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Woah! We’re halfway there! NASA’s Perseverance Rover midway to Mars

Stephen Kuper
Woah! We’re halfway there! NASA’s Perseverance Rover midway to Mars

NASAs Mars 2020 Perseverance rover mission has logged a lot of flight miles since being lofted skyward on 30 July 235.4 million kilometres to be exact – and it turns out that is exactly the same distance it has to go before the spacecraft hits the Red Planet’s atmosphere like a 19,000km/h freight train on 18 February 2021.

The sun's gravitational influence plays a significant role in shaping not just spacecraft trajectories to Mars (as well as to everywhere else in the solar system), but also the relative movement of the two planets, so Perseverance's route to the Red Planet follows a curved trajectory rather than an arrow-straight path.

Julie Kangas, a navigator working on the Perseverance rover mission at NASA's Jet Propulsion Laboratory in southern California, explained, "At 1:40pm Pacific Time today, our spacecraft will have just as many miles in its metaphorical rear view mirror as it will out its metaphorical windshield. While I don't think there will be cake, especially since most of us are working from home, it's still a pretty neat milestone. Next stop, Jezero Crater."

At the current distance, it takes two minutes, 22 seconds for a transmission to travel from mission controllers at JPL via the Deep Space Network to the spacecraft. By time of landing, Perseverance will have covered 470.8 million kilometres, and Mars will be about 209 million kilometres away from Earth; at that point, a transmission will take about 11.5 minutes to reach the spacecraft.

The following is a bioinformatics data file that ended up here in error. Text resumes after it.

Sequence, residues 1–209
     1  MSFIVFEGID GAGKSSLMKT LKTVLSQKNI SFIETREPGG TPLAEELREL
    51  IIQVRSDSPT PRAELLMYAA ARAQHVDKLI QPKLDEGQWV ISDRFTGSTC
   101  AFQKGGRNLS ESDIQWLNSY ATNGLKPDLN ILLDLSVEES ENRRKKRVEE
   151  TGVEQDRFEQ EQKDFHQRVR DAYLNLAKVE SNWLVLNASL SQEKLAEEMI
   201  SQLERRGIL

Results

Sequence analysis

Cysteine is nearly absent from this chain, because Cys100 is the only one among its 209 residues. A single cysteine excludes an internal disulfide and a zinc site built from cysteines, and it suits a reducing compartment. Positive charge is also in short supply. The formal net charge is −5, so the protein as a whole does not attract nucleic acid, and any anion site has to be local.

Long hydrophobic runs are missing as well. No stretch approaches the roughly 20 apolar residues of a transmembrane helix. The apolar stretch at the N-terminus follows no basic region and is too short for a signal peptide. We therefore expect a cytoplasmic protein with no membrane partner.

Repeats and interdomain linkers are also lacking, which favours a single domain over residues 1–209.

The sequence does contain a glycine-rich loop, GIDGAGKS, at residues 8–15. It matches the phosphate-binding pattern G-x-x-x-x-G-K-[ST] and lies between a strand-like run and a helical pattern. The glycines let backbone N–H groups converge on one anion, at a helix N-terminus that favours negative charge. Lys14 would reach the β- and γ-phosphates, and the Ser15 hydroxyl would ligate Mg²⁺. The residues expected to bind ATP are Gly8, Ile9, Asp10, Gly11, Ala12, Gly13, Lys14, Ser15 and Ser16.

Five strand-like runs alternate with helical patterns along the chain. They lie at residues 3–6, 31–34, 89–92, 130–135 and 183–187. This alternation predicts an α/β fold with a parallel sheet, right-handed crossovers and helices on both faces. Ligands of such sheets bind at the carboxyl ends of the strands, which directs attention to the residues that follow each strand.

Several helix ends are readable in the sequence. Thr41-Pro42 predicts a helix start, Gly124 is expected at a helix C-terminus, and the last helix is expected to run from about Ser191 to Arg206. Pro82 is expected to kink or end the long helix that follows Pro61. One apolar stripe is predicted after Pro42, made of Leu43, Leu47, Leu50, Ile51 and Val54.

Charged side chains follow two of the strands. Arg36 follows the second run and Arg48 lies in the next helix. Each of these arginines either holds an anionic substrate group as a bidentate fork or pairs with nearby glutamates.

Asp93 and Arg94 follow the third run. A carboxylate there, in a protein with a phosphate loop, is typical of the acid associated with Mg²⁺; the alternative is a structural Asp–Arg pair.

Kangas added, "Although we're halfway into the distance we need to travel to Mars, the rover is not halfway between the two worlds. In straight-line distance, Earth is 42.7 million kilometres behind Perseverance and Mars is 28.8 million kilometres in front."

The mission team continues to check out spacecraft systems big and small during interplanetary cruise. Perseverance's RIMFAX and MOXIE instruments were tested and determined to be in good shape on 15 October and MEDA got a thumbs up on 19 October. There was even a line item to check the condition of the X-ray tube in the PIXL instrument on 16 October, which also went as planned.

Keith Comeaux, deputy chief engineer for the Mars 2020 Perseverance rover mission, added, "If it is part of our spacecraft and electricity runs through it, we want to confirm it is still working properly following launch. Between these checkouts – along with charging the rover's and Mars Helicopter's batteries, uploading files and sequences for surface operations, and planning for and executing trajectory correction manoeuvres – our plate is full right up to landing."

A key objective of Perseverance's mission on Mars is astrobiology, including the search for signs of ancient microbial life. The rover will characterise the planet's geology and past climate, pave the way for human exploration of the Red Planet, and be the first mission to collect and cache Martian rock and regolith (broken rock and dust).


Subsequent missions, currently under consideration by NASA in co-operation with ESA (European Space Agency), would send spacecraft to Mars to collect these cached samples from the surface and return them to Earth for in-depth analysis.

The Mars 2020 mission is part of a larger program that includes missions to the Moon as a way to prepare for human exploration of the Red Planet. Charged with returning astronauts to the moon by 2024, NASA will establish a sustained human presence on and around the moon by 2028 through NASA's Artemis lunar exploration plans.

JPL, which is managed for NASA by Caltech in Pasadena, California, built and manages operations of the Perseverance and Curiosity rovers.

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